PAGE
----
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Morton & Eden Ltd
Auction 90  23 Nov 2017
Presale bidding closed

Lot 85

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Estimate: 10000 GBP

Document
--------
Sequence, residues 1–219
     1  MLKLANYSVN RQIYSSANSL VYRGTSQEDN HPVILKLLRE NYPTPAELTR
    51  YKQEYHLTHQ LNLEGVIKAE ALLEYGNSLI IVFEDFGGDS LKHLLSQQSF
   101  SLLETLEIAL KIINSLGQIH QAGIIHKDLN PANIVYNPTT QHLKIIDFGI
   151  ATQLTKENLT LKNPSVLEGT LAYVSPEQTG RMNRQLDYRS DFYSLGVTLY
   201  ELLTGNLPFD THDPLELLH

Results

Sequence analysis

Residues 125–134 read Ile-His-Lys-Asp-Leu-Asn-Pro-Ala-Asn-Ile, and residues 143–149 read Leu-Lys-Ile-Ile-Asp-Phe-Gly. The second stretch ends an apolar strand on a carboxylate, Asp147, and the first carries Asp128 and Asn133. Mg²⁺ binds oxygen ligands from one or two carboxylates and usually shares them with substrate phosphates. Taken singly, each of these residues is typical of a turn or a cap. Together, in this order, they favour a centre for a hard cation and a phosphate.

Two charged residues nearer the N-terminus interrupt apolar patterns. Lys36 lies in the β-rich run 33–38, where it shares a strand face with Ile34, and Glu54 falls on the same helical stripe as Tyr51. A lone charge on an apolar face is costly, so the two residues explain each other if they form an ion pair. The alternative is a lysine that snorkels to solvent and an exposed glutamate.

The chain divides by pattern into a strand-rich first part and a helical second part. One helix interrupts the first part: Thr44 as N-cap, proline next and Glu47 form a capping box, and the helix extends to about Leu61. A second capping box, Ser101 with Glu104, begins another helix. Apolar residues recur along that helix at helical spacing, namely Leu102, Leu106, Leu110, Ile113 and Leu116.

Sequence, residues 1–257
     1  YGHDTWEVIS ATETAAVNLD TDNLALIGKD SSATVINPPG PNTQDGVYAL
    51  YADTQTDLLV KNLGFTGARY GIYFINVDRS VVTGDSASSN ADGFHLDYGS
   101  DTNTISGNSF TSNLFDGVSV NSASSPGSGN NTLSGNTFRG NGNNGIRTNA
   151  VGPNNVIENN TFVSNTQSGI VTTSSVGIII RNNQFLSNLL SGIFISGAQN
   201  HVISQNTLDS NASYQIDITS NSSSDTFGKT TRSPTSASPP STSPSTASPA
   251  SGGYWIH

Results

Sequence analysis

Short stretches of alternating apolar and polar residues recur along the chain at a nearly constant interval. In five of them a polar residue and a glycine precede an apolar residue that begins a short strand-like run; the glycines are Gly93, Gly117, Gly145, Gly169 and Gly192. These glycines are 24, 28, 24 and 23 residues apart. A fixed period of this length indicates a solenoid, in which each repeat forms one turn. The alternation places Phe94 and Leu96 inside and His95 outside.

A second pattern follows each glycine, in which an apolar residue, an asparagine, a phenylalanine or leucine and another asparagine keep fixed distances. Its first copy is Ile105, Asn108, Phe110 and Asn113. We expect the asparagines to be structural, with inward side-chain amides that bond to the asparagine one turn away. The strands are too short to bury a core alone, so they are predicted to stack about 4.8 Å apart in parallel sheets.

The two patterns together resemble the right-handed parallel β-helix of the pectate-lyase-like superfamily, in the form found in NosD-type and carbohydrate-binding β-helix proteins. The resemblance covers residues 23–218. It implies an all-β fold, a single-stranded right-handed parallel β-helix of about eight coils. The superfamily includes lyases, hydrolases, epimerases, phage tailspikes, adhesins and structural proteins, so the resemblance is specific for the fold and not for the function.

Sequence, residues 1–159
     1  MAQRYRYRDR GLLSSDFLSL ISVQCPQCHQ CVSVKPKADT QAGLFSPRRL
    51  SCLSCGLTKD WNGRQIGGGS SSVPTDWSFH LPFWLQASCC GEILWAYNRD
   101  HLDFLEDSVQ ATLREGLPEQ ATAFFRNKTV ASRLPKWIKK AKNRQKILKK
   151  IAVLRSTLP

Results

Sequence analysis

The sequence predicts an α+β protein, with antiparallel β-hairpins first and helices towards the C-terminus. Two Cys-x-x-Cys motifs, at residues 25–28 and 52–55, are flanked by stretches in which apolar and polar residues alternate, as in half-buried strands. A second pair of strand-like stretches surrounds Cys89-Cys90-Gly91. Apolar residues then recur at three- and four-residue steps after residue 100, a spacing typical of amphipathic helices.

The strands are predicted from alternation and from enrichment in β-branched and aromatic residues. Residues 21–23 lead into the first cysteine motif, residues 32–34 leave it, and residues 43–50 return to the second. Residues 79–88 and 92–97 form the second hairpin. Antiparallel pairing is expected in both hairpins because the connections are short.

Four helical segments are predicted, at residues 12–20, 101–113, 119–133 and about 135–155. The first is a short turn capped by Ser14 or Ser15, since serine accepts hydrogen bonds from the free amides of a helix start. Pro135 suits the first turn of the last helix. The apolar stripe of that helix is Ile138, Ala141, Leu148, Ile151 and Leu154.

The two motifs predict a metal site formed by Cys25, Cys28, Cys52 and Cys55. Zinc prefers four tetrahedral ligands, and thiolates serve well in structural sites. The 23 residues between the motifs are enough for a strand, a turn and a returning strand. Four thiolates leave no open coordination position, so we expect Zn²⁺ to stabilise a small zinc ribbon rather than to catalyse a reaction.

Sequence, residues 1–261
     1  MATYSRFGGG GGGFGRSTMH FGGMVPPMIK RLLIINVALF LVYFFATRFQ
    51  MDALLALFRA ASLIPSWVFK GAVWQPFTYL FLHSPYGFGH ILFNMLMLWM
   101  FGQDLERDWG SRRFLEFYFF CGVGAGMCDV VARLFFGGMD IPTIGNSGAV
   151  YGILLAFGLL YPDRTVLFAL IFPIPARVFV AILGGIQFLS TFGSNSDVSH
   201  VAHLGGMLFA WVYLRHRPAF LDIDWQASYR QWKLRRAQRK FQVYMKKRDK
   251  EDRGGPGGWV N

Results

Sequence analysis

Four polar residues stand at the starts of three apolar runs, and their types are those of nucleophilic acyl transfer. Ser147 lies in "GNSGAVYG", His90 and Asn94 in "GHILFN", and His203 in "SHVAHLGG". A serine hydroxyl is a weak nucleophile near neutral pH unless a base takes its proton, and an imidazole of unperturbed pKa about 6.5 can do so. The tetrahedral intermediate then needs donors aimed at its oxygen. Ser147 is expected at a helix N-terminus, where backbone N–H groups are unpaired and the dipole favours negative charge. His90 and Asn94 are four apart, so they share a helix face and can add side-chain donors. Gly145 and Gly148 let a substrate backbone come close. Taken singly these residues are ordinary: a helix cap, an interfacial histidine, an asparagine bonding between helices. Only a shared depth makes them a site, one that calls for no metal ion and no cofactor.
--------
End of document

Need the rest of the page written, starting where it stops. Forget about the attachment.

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Iran, Persian Empire, The Royal Persian Order of the Lion and the Sun, Grand Cross Breast Star, Russian-made, circa 1850, by Andrews of St. Petersburg, in pierced silver, rose gold and enamels, of superb quality manufacture, backplate in pale gold engraved 'Andrews à St Petersbourg', with vertical brooch-pin for suspension (keeper now lacking), 88mm, extremely fine and an exceptional early Russian-made breast star. Presumed to have been commissioned by Keir Grant some years after his formal award of the Order of the Lion and the Sun for wear in conventional European style. This high-quality Russian-made badge by Andrews of St. Petersburg may well have been ordered in Paris. Awarded to Major-General Sir William Keir Grant K.C.B., G.C.H., 6th Dragoon Guards, late 15th Light Dragoons, who became Colonel of the Royal Scots Greys. William Keir (later Keir Grant) was one of just eight Officers of the 15th Light Dragoons to receive the spectacular gold Ehrenmedaille für Englische Kavalleriste, expressly awarded by the Holy Roman Emperor, Francis II, for gallantry in saving him personally from capture by French forces at the Battle of Villers-en-Cauchies (which is variously spelled in historical records), near Cambrai, in 1794. As it so happened, Keir Grant was later to become the recipient of an equally rare honour – the Collar and insignia of the Order of the Lion and Sun of Persia - for commanding a major British military expedition to the 'Pirate Coast' on the south-eastern Persian Gulf. Having roundly defeated the enemy and pacified the pirate stronghold of Ras al-Khaimah, Keir Grant succeeded in securing an agreement with a number of important tribal leaders, leading to an historic Peace Treaty of 1820 which heralded local truces and the foundation of the Trucial Sheikhdoms as well as the abolition of the Slave Trade in the area. Modifications to the Treaty and a full revision many decades later, in 1892, contributed to an enhanced British presence in the Southern Gulf and important new relationships with the Trucial Sheikhdoms. A loose British Protectorate was to last until the gaining of their independence on 2 December 1970, in turn leading to the creation of the United Arab Emirates.
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